From Pennsylvania, USA:
I am in the medical profession, and, about a month ago, my 14 year old daughter was diagnosed with type 1 diabetes after a viral episode and three days of polydipsia [excessive thirst]. Her fasting blood sugar was 290 mg/dl [16.1 mmol/L], her hemoglobin A1c was 7.7%, and she had no ketones. I began her on intensive insulin therapy of four injections per day (Regular at meals and NPH at bedtime). She had control without any excursions after two weeks and at week three was in a honeymoon. I maintained giving her 1-2 units of NPH in the morning as was recommended. Her glucose monitoring reflects a 14 day control of 110 mg/dl [6.1 mmol/L]. This is now week five, and she does not need insulin. How long can we expect on average for the honeymoon to last? islet cell antibodies, ICC, and GAD 65 are pending. My younger brother was also diagnosed with type 1 at age 30. What are the occurrences of transient hyperglycemia? Could some of her beta cells survive if it was not autoimmune?
This does sound like type 1A (autoimmune) diabetes, and you picked it up pretty quickly. There is some evidence that those who don't go into DKA [diabetic ketoacidosis] have a longer honeymoon period, but it is weak. Although honeymoon periods are of variable length, I know of no other predictors of duration. It does seem biologically plausible, however, for any remaining islet cells to fare better if the prevailing blood sugars are normal.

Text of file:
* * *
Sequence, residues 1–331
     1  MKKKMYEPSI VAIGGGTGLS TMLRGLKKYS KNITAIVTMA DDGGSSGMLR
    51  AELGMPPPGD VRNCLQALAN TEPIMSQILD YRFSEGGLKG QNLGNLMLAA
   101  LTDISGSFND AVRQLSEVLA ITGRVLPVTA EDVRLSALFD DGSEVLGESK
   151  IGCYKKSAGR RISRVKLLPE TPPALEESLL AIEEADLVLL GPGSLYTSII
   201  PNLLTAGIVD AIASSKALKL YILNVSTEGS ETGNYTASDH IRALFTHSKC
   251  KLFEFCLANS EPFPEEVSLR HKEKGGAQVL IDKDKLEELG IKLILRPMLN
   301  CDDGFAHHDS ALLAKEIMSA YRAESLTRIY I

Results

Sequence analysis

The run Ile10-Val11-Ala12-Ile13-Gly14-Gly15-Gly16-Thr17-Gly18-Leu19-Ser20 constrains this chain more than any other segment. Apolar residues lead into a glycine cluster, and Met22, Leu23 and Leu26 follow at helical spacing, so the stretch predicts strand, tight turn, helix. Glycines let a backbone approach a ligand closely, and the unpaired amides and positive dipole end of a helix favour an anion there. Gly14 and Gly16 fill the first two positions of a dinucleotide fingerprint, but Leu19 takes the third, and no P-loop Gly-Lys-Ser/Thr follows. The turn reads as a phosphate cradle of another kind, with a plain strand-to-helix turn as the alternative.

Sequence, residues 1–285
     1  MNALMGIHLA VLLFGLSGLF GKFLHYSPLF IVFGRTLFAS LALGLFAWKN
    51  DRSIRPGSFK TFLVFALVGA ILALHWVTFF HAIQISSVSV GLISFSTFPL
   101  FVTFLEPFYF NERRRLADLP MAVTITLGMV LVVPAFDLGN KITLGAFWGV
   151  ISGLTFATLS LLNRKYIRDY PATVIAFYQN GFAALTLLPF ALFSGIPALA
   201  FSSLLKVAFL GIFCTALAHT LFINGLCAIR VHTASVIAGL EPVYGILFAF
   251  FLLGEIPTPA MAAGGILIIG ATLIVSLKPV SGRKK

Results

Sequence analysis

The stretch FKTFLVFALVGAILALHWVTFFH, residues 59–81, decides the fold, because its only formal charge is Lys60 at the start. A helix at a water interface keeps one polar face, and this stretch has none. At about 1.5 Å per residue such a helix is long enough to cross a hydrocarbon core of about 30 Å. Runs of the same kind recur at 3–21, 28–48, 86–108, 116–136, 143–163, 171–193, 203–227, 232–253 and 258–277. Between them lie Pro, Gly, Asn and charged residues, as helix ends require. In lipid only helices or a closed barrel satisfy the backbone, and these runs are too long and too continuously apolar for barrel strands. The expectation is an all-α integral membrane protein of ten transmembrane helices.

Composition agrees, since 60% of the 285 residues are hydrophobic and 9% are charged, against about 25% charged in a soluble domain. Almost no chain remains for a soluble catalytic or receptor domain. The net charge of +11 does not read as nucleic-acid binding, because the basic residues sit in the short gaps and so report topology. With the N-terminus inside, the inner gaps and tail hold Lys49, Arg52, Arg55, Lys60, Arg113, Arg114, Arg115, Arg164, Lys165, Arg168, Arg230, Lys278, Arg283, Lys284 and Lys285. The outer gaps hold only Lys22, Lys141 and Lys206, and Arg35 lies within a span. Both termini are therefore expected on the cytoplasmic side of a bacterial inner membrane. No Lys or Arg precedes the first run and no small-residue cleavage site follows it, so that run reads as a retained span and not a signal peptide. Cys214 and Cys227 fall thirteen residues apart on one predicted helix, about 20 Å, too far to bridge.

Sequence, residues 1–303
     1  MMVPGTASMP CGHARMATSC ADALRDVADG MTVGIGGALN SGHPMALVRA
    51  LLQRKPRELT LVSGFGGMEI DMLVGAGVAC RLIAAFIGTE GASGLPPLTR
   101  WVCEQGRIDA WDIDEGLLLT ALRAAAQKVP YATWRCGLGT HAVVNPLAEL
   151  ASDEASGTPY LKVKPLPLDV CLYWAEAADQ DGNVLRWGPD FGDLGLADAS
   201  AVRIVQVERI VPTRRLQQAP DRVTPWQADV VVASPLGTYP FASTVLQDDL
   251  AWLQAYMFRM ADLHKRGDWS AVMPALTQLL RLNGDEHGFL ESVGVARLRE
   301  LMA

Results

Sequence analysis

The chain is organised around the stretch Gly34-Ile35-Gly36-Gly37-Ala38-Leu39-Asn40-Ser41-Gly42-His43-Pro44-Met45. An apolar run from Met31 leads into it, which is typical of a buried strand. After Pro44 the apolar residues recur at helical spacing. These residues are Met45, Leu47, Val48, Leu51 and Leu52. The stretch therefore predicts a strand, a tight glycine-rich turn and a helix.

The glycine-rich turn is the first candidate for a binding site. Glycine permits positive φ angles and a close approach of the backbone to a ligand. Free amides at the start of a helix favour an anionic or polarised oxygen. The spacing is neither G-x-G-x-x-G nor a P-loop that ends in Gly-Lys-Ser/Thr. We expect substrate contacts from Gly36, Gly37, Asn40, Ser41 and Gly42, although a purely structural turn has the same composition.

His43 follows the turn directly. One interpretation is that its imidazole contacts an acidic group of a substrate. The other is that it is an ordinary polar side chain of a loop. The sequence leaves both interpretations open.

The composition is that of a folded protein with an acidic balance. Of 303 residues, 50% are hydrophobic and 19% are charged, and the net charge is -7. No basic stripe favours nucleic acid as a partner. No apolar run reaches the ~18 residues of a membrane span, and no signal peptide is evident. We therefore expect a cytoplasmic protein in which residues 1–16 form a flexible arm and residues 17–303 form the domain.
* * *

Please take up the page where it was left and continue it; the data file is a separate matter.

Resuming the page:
Original posting 18 Apr 2001
Posted to Honeymoon
Last Updated: Tuesday April 06, 2010 15:09:22
This Internet site provides information of a general nature and is designed for educational purposes only. If you have any concerns about your own health or the health of your child, you should always consult with a physician or other health care professional.
This site is published by T-1 Today, Inc. (d/b/a Children with Diabetes), a 501c3 not-for-profit organization, which is responsible for its contents. Our mission is to provide education and support to families living with type 1 diabetes.
© Children with Diabetes, Inc. 1995-2016. Comments and Feedback.